Over one year after the death of eight students of the Olabisi Onabanjo University (OOU), Ago Iwoye, Ogun State, in a road crash, a row has broken out over the collection of compensation on their behalf. The Students’ Union Government (SUG) was said to have collected the compensation from the firm which owns the truck that killed the eight on the Benin-Sagamu Expressway.
Did the Students’ Union Government (SUG) leaders of Olabisi Onabanjo University (OOU) in Ago-Iwoye, Ogun State get compensation on behalf of their colleagues who died in an accident on the Benin-Shagamu Expressway, last year?
This is the puzzle students want unravelled amid claims that the union collected compensation from the company which owns the truck that crushed the victims..
The accident happened on June 26 last year. The students were travelling back home after their examination when the truck with number-plate BDG 779 XXE, skidded off its lane and crushed the bus in which the victims were travelling.
The victims were: Eunice Odubanjo Oluwadamilola, 200-Level Political Science, Mariam Ogunnoiki, 100-Level History, Elizabeth Aribiola, 100-Level Biochemistry, Suliat Adams, 100-Level Accounting, Latifat Pampam, 100-Level Chemical Science, Christianah Asade, 200-Level Law, and Olatunji Dairo, graduating Physics student. Four other bodies could not be identified.
Ibukun Akinbo, a 300-Level Chemical Science student, was the lone survivor. She was rushed to Babcock University Teaching Hospital in Ilishan Remo. It was learnt that the survivor has since been flown out of the country.
The compensation controversy was ignited last week during a remembrance service for the victims. The atmosphere on the campus was sobre, with students suspending all social activities and putting on black to remember the victims.
Many used the victims’ pictures as display picture on social media. The ongoing SUG electioneering was suspended on the day as a mark of respect for the deceased. The school was calm .
The Director of Media and Publicity of the union, Damilola Adelesi, described the deceased as “fallen heroes”, saying their death was a “huge loss” to the institution.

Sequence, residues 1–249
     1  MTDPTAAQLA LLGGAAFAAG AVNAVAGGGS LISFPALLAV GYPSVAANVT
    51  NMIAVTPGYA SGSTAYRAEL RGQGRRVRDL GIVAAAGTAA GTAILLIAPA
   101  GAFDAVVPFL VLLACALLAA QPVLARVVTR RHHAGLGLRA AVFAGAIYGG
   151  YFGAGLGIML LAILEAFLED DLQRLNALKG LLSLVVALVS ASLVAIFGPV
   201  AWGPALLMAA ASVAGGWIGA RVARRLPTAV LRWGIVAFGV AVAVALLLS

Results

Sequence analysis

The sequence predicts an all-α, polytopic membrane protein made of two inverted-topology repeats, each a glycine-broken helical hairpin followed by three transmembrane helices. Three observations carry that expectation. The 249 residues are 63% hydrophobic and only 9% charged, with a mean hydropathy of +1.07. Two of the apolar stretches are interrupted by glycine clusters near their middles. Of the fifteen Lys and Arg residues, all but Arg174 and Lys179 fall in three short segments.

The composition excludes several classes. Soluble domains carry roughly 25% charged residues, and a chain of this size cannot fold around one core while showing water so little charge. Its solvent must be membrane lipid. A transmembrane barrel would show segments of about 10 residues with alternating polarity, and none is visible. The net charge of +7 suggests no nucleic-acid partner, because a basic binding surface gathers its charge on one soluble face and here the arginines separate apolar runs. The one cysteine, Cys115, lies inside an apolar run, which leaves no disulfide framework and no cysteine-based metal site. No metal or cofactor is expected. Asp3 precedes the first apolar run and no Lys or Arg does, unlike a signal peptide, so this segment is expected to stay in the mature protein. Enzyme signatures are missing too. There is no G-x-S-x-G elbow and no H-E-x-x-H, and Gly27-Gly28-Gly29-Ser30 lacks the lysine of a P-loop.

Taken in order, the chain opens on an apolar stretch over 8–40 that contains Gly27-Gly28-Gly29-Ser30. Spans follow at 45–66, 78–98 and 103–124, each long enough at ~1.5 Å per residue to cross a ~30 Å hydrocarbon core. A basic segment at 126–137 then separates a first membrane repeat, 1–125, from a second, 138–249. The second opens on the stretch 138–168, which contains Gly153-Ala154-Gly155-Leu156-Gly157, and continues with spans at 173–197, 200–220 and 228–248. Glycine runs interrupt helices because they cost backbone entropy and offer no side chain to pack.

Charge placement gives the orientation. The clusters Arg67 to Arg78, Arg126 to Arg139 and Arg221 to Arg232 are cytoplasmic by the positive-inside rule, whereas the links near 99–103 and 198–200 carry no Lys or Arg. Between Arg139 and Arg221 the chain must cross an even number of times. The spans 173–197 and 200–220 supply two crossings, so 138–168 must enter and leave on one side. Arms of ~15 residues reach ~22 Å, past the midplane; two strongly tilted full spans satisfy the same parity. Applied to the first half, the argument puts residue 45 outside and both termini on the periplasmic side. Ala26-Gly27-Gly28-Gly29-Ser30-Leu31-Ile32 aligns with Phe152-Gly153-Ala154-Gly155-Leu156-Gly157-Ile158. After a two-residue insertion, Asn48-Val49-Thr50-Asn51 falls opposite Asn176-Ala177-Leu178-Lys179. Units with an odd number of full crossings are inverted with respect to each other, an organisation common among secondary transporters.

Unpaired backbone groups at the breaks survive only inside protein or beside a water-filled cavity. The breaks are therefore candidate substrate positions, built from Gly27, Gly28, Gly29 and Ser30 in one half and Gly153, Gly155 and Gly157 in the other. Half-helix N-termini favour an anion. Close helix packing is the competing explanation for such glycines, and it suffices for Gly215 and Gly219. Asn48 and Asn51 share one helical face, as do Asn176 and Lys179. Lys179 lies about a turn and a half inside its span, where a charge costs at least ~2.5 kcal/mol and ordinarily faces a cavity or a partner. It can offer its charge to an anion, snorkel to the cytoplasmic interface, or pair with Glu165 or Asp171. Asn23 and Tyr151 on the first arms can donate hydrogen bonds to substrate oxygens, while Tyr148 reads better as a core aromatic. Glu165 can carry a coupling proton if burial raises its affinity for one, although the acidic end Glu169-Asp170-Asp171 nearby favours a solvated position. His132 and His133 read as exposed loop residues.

President of Department of Chemical Science, Temitope Alofe, confirmed Ibukun is not in the country.
As the sobre mood pervaded the campus, rumour milled round that the former union leaders led by Adenola Adegbesan got and misappropriated compensation allegedly paid by the company (name withheld) that owns the killer truck.
Dismissing the allegation in a telephone interview , Adegbesan said no compensation was paid by the company. His words: “There is no iota of truth in the allegation that we collected compensation on behalf of the victims.
The then students’ leaders, Director of Students Affairs (DSA) and some delegates selected by the school management met with the victims’ families and it was unanimously agreed that no compensation would be collected from the company. As such, no compensation was collected by anybody.”
Twelve months after the incident, there has not been conclusive report on the cause of the accident, which claims the students’ lives.
This development did not go down well with the victim’s colleagues, who urged the police, government and the school management to investigate the matter and met out commensurate punishment to anyone found guilty.
This, they said, would show that their colleagues did not die in vain